HONOLULU (HawaiiNewsNow) - The Cherry Blossom Festival has celebrated the Japanese heritage for nearly six decades. The queen and court take part in cultural events statewide. Now, the search is on for new contestants. The current queen, Marissa Machida, is here to tell us all about it.
Cherry Blossom Festival
50% Japanese ancestry
U.S. citizen, Hawaii resident
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**Application deadline extended until August 16, 2010**
The Cherry Blossom Festival announced today that the application deadline has been extended until August 16, 2010. Celebrating its 59th year, the Cherry Blossom Festival is seeking bright young women who cherish culture, education and community service. The annual Cherry Blossom Festival is one of the longest, continually running festival in the State of Hawai'i, which celebrates Japanese culture and heritage. Queen contestant applications are available online at www.cbfhawaii.com.
The 58th Cherry Blossom Festival Queen and Court were selected at Festival Ball held in March 2009 at Hawai'i Theatre. Fourteen contestants performed an original taiko composition choreographed by taiko artist – Kenny Endo, delivered a 1-minute prepared speech on a topic of her choice, and demonstrated poise and grace while answering an impromptu question dressed in traditional furisode silk kimonos flown in from Japan.
Months of cultural classes, public appearances and professional development training ensure that each contestant was ready for Festival Ball. "Great care is taken to ensure that every contestant is prepared. It is amazing to witness each contestant's individual transformation over the seven-month process," said 59th Cherry Blossom Festival General Chair Darren Ota. "What a contestant may learn from the Cherry Blossom Festival will stay with her forever, and can be applied to all aspects of her personal life and professional career."
"If you're interested in trying something new" said Queen and Miss Popularity Marissa Machida, law clerk, "then the Cherry Blossom Festival has something to offer you." Machida reflected on the history of the Festival and the 58 years of tradition that she and the contestants are now a part of. She suggests that young Japanese-American woman apply, stressing that no other experience can replicate what the Cherry Blossom Festival can provide.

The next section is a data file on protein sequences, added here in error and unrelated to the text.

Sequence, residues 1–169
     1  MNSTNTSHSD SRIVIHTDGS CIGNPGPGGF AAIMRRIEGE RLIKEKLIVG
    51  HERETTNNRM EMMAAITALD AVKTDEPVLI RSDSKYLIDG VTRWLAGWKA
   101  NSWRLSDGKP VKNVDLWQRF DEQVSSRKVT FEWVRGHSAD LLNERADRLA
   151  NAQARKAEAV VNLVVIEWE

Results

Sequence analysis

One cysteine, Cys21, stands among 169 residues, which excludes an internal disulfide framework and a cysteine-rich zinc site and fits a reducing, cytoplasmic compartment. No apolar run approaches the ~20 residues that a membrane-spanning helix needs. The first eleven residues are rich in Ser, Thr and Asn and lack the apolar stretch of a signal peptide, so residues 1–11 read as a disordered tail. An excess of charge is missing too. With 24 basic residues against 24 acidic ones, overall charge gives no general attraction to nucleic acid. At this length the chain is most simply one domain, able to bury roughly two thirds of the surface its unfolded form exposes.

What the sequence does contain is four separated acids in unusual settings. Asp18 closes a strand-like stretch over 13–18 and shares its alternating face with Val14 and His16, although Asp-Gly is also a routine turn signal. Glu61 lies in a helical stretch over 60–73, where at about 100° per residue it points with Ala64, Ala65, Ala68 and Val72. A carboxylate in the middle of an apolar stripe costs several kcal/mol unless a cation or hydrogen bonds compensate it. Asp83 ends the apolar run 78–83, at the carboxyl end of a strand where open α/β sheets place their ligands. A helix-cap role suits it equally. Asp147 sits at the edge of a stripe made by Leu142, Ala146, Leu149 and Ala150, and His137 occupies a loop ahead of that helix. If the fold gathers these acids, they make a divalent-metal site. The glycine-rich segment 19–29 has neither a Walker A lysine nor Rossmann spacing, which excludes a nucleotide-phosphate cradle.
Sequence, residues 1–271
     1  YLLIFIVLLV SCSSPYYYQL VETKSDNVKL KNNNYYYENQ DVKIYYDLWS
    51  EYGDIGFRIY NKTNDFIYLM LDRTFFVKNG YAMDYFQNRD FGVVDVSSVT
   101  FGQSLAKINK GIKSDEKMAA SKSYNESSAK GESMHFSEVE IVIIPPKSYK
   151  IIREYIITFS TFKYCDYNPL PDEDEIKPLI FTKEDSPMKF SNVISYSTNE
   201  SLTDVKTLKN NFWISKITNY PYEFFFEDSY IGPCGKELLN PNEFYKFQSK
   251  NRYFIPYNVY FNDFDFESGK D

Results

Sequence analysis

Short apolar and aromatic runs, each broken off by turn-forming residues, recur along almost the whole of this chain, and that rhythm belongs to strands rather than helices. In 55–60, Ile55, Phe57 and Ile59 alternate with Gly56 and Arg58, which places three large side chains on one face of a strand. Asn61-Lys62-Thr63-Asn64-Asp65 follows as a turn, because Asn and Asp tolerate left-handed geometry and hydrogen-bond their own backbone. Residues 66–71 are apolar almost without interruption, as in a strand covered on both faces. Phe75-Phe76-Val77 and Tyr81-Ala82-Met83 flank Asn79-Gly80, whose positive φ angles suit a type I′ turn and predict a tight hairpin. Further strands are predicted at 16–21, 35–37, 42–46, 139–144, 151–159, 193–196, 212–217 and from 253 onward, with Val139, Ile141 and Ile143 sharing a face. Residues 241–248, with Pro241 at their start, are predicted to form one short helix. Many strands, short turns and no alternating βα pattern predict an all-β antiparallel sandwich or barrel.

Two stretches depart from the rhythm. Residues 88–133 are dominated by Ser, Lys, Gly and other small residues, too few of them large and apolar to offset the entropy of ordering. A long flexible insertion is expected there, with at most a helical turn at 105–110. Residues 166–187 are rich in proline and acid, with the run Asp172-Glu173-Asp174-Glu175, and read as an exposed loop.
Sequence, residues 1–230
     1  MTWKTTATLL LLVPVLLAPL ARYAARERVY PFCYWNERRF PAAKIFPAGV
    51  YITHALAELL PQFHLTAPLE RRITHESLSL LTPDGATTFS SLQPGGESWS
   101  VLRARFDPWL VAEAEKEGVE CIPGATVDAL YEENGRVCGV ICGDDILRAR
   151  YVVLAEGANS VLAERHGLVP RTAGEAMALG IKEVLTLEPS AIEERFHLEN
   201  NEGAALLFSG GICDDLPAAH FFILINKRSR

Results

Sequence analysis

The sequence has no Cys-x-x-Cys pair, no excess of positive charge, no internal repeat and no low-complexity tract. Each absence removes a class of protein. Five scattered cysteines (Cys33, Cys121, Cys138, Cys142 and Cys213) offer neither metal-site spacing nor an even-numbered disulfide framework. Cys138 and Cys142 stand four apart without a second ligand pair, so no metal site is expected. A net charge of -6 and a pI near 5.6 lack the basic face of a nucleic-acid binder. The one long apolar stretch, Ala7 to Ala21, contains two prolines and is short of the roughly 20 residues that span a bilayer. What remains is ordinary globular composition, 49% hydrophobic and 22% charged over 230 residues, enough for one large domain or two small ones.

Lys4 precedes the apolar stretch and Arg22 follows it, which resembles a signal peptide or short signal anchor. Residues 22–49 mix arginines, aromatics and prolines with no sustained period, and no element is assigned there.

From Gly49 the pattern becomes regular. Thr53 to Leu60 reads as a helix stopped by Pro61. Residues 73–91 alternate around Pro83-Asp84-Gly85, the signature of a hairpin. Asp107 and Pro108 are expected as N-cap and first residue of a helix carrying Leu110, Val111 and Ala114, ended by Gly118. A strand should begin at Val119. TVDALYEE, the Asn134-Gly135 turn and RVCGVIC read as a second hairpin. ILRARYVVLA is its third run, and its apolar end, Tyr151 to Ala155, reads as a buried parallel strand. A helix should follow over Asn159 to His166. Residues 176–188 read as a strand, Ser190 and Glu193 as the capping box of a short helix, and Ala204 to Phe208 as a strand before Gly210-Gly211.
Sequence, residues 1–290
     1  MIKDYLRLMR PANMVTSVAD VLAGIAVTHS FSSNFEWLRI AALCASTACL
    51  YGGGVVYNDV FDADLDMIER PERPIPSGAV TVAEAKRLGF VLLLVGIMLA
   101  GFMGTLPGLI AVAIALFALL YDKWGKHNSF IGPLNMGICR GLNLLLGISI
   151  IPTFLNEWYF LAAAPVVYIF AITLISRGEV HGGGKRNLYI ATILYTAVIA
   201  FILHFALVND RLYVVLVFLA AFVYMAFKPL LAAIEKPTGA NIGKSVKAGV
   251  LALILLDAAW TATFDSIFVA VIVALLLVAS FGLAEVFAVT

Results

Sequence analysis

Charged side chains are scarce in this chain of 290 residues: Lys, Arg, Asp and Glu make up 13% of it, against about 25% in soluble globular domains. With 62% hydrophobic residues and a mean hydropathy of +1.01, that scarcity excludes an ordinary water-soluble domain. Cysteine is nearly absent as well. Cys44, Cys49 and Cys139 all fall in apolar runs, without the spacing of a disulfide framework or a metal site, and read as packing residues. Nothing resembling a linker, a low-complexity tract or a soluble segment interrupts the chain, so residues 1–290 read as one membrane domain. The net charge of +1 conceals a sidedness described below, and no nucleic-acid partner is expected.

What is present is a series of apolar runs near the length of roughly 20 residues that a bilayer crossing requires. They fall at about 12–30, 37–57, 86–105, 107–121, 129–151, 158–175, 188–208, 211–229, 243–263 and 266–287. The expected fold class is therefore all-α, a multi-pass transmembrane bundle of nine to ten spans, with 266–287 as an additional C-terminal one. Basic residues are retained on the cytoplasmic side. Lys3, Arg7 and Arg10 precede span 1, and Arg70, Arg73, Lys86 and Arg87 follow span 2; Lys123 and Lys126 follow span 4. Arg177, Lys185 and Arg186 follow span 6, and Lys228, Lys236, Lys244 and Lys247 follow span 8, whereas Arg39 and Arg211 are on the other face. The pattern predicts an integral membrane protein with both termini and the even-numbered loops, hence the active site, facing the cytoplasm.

Applicants must have at least 50 percent Japanese ancestry, be between the ages of 19 and 26 years old, single, a U.S. citizen and Hawai'i resident. A completed registration form, proof of Japanese ancestry through a birth certificate and a $30 application fee is required. Visit the website for a complete list of eligibility requirements.
About the Cherry Blossom Festival
The Cherry Blossom Festival holds the honor of being one of the longest, continually running ethnic festival in the State of Hawai'i – originally started in 1953 by the founding fathers of the Honolulu Japanese Junior Chamber of Commerce. The Cherry Blossom Festival was created to celebrate Japanese culture and to enrich the lives of young Japanese-American women. The Festival also has an international reach, partnering each year to host five special sister chapters from Japan: Kobe, Odawara, Kurashiki, Kojima and Tamashima. Over the past 59 years the Cherry Blossom Festival has touched the lives of many, especially the 986 women it has called contestants.
About the Honolulu Junior Japanese Chamber of Commerce